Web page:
On July 26th, the ADA will have been in effect for 22 years. The ADA requires that we treat people with disabilities the same as we treat everyone else by providing equal opportunities to all aspects of our society, including employment, access to public goods and services, transportation, etc.
The 1st part of the ADA (Title I) states that employers “shall not discriminate against a qualified individual with a disability...and applies to job application procedures, hiring, advancement and discharge of employees, workers' compensation, job training and any other employment benefits afforded to employees.
Many companies would like to employ people with disabilities, yet have persistent concerns, such as:
- ability to keep these individuals safe on the job
- employees who have disabilities might unintentionally create hazards for themselves and other employees
- increased workers' compensation rates
- creating a liability exposure
As a result, many people with disabilities remain excluded from the workforce despite the passage of the ADA.
Therefore, in order to reduce these persistent concerns, companies can get the ball rolling by launching or re-invigorating an effective employee training program. For employees with disabilities, it’s particularly important to have their immediate supervisor's support. Supervisors must be prepared to work with employees with varied abilities and skills, especially for those new to the workplace. Training should address topics that result in management, equipment and work-culture improvements that benefit the entire workforce.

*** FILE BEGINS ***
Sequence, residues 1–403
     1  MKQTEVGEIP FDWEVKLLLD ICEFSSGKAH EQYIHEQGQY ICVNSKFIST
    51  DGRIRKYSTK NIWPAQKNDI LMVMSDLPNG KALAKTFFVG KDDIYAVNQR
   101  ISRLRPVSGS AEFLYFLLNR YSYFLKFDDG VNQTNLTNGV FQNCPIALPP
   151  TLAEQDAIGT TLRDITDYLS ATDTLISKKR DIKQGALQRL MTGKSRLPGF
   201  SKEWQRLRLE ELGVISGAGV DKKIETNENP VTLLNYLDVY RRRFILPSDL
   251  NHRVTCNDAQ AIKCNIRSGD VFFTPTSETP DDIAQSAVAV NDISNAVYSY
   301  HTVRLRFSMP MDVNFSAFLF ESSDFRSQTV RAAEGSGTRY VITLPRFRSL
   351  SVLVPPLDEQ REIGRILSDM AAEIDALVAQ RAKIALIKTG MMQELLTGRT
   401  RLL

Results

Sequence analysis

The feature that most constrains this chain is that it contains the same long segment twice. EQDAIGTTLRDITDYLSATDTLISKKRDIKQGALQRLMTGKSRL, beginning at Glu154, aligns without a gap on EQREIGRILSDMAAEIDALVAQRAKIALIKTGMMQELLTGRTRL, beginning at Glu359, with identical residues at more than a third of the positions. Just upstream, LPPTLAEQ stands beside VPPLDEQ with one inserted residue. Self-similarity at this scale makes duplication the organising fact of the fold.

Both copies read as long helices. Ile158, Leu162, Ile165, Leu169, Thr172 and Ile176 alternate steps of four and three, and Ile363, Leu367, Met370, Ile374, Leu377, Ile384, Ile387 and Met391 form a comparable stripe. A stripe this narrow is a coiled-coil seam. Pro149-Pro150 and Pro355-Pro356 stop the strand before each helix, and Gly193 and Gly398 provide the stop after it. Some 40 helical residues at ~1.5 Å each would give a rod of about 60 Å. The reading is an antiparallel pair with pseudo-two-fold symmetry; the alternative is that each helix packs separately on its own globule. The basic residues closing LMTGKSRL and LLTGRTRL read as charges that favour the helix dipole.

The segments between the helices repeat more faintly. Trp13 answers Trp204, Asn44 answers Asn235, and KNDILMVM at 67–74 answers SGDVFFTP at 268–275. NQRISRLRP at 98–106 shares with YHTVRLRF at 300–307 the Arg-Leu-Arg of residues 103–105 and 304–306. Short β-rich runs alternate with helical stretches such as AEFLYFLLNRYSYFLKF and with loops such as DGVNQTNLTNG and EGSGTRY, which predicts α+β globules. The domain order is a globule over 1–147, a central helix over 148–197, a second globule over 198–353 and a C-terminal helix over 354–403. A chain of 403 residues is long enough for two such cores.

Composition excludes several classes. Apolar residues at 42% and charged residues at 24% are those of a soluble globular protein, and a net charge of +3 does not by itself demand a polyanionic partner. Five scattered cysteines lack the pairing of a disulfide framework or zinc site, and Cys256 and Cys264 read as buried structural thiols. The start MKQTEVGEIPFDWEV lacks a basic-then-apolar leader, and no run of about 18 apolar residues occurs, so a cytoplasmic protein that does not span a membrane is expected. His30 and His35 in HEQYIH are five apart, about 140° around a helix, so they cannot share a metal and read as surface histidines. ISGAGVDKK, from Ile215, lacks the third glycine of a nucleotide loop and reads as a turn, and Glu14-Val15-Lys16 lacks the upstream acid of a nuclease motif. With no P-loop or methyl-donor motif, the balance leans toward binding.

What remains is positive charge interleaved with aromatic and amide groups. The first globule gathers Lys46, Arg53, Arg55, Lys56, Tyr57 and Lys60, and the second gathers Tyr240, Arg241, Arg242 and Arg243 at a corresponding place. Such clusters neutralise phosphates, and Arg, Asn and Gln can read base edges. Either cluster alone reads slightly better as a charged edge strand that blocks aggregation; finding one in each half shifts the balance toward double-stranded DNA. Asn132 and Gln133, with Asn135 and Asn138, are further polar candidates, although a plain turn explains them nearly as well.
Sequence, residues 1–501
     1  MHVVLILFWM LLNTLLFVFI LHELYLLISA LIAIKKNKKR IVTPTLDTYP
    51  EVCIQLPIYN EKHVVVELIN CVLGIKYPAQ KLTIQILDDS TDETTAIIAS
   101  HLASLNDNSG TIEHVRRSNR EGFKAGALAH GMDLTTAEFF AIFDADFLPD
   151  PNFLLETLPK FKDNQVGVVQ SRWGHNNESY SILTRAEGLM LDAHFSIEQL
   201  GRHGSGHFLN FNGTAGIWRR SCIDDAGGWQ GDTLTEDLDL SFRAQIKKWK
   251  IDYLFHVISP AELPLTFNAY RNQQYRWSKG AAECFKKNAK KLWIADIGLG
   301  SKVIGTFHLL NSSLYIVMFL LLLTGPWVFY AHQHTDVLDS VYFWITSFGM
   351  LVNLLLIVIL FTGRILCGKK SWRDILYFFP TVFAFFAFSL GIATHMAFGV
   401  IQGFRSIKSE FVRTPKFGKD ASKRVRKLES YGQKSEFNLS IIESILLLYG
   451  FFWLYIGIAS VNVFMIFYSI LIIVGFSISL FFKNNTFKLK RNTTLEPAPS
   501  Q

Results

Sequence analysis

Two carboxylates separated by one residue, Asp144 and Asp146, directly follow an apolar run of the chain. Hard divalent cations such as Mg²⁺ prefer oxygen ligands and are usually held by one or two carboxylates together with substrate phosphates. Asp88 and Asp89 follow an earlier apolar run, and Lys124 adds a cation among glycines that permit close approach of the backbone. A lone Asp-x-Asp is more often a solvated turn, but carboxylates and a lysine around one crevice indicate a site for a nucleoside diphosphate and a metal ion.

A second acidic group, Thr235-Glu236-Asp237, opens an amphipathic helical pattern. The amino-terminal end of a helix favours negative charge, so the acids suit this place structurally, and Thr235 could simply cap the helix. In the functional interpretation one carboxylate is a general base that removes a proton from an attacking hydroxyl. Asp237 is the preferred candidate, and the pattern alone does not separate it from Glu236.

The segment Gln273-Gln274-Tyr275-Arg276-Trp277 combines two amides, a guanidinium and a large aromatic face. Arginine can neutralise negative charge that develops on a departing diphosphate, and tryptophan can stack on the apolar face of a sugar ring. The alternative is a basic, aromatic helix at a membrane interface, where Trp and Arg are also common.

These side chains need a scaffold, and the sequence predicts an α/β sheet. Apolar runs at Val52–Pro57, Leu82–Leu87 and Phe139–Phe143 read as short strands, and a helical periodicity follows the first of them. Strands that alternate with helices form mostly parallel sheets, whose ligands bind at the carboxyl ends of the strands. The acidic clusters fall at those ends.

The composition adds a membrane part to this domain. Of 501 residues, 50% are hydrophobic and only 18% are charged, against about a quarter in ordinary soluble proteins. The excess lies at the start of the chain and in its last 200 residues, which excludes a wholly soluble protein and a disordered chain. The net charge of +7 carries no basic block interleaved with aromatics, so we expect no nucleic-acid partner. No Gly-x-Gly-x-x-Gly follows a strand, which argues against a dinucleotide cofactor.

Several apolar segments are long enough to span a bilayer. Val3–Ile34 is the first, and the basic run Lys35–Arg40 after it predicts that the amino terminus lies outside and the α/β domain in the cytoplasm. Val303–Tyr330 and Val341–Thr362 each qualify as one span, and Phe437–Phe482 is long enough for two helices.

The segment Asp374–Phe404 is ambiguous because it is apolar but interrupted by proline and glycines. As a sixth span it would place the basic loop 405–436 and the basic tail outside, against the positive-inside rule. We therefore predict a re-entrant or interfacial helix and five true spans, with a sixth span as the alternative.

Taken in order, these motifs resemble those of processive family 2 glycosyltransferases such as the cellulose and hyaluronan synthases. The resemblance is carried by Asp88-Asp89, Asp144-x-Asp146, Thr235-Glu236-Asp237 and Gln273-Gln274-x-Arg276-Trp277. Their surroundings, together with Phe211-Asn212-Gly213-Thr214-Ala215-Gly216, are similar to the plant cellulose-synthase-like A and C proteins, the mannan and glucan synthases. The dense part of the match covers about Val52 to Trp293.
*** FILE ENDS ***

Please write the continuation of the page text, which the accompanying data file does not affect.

What topics does your company includes in its training program?
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This information should not be construed as “legal advice” for a particular set of facts or circumstances. It is intended only to be a practical guide for participants familiar with this subject. Users should seek appropriate legal advice tailored to address their specific situation.